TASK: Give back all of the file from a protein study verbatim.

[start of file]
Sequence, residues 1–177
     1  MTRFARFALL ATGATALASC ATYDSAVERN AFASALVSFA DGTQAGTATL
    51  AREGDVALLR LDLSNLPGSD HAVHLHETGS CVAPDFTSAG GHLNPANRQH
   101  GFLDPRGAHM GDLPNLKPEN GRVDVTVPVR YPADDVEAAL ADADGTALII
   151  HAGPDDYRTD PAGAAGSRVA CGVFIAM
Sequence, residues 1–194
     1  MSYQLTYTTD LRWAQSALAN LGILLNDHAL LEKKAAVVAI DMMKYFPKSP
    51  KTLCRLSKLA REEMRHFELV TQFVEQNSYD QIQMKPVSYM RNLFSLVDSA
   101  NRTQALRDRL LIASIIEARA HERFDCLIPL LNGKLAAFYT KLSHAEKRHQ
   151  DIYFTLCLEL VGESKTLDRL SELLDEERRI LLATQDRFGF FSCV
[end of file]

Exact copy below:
Sequence, residues 1–177
     1  MTRFARFALL ATGATALASC ATYDSAVERN AFASALVSFA DGTQAGTATL
    51  AREGDVALLR LDLSNLPGSD HAVHLHETGS CVAPDFTSAG GHLNPANRQH
   101  GFLDPRGAHM GDLPNLKPEN GRVDVTVPVR YPADDVEAAL ADADGTALII
   151  HAGPDDYRTD PAGAAGSRVA CGVFIAM
Sequence, residues 1–194
     1  MSYQLTYTTD LRWAQSALAN LGILLNDHAL LEKKAAVVAI DMMKYFPKSP
    51  KTLCRLSKLA REEMRHFELV TQFVEQNSYD QIQMKPVSYM RNLFSLVDSA
   101  NRTQALRDRL LIASIIEARA HERFDCLIPL LNGKLAAFYT KLSHAEKRHQ
   151  DIYFTLCLEL VGESKTLDRL SELLDEERRI LLATQDRFGF FSCV